‘On This Day’ BARS Blog Series
April 2, 2016 - April 19, 2024Unnamed Venue
This is a new series of posts on the British Association for Romantic Studies (BARS) Blog curated by Anna Mercer (University of York). The series began in July 2015, and was inspired by the popularity on Twitter of the ‘OnThisDay’ hashtag, featured by the Romanticism accounts @1815now and @Wordsworthians. As we reach the bicentenaries of many Romantic events, the series aims to present a catalogue of #OnThisDay posts that relate to events happening exactly 200 years ago. The premise of the blog is to give readers a snapshot of 1815/1816 in 2015/2016 (and on into 2017 and beyond), specific to a particular month or even a particular day. Contributions are welcome from anyone interested in the period. The aim is to publish at least one blog every month, and so far there have been 10 blogs by 6 different contributors. Existing blog topics range from discussions of particular letters by Romantic authors and incidentally the works they refer to (including, for example, the Shelleys, Charles Lamb, and Coleridge), to wider discussions on the 1816 as ‘the year without a summer’.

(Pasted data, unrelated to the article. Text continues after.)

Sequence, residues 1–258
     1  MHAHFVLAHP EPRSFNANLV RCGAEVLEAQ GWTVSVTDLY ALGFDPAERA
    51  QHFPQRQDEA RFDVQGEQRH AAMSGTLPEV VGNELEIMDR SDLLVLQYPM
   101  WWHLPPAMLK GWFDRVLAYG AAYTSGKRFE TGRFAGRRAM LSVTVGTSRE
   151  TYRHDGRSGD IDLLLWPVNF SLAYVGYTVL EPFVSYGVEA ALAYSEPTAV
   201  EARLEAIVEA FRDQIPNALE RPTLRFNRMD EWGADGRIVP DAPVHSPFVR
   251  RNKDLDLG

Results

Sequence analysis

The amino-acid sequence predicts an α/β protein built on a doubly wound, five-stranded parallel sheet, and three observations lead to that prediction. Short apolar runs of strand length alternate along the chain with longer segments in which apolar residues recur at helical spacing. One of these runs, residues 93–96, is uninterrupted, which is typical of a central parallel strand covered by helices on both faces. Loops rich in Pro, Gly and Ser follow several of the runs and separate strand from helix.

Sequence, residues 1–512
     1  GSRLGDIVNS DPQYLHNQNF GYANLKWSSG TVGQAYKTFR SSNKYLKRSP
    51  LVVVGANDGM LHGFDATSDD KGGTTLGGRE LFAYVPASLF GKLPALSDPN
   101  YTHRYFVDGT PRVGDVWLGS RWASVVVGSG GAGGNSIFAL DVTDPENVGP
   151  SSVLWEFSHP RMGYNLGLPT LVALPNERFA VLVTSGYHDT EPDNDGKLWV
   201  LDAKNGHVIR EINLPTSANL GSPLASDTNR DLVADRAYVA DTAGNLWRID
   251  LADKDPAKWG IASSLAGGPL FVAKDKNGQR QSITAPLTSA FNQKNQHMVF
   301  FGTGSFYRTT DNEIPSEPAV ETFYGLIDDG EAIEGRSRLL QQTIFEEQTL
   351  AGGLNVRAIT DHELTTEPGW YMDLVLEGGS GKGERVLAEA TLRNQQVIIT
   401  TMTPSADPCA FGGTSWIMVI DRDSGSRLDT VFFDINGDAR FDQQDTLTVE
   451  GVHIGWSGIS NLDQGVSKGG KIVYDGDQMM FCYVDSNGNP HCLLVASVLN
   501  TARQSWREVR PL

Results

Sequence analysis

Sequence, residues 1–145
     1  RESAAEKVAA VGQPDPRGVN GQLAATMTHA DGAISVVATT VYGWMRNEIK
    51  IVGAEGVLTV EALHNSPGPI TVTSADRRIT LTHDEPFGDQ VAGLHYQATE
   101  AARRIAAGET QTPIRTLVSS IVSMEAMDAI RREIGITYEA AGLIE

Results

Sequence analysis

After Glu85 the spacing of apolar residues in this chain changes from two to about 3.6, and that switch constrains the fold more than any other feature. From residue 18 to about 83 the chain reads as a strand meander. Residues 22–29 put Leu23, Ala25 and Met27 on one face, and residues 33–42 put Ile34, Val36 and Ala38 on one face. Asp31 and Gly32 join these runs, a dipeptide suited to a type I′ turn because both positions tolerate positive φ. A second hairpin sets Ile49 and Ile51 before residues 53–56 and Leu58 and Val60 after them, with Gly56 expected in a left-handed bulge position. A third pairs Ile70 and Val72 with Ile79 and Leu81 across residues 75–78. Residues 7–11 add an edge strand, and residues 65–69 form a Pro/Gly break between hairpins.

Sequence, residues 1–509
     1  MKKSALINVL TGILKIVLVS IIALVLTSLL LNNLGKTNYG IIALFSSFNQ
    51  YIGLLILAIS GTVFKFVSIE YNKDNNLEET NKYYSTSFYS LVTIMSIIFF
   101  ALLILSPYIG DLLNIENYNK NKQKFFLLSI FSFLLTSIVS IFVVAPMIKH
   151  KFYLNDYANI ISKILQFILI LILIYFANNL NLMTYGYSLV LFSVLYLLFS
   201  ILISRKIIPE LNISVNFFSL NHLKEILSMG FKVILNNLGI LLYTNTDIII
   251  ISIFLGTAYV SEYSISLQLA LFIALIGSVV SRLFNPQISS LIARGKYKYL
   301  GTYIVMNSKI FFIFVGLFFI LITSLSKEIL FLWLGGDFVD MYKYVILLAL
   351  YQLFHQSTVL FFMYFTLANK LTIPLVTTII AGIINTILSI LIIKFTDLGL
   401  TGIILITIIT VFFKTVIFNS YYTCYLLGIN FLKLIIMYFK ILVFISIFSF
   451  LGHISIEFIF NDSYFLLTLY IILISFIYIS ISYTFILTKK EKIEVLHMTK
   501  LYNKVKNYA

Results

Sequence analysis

The blog can be seen here: http://www.bars.ac.uk/blog/?cat=17
The blog series is curated by Anna Mercer (University of York), and overseen by Matthew Sangster (University of Birmingham), the administrator of the BARS blog.
Blogs have already been contributed by:
Fabio Camilletti (University of Warwick)
Katherine Fender (University of Oxford)
Eleanor Fitzsimons (independent scholar; writer, journalist and researcher)
Lucy Hodgetts (University of York)
Anna Mercer (University of York)
Matthew Sangster (University of Birmingham)
Future blogs will include posts by David Higgins (University of Leeds) and Elizabeth Bobbitt (University of York). We are always looking for more contributors; students or more established academics are all welcome to submit a piece. The blogs are read and (if necessary) edited by Anna Mercer and/or Matthew Sangster prior to posting, and any changes are always made with agreement from the original author.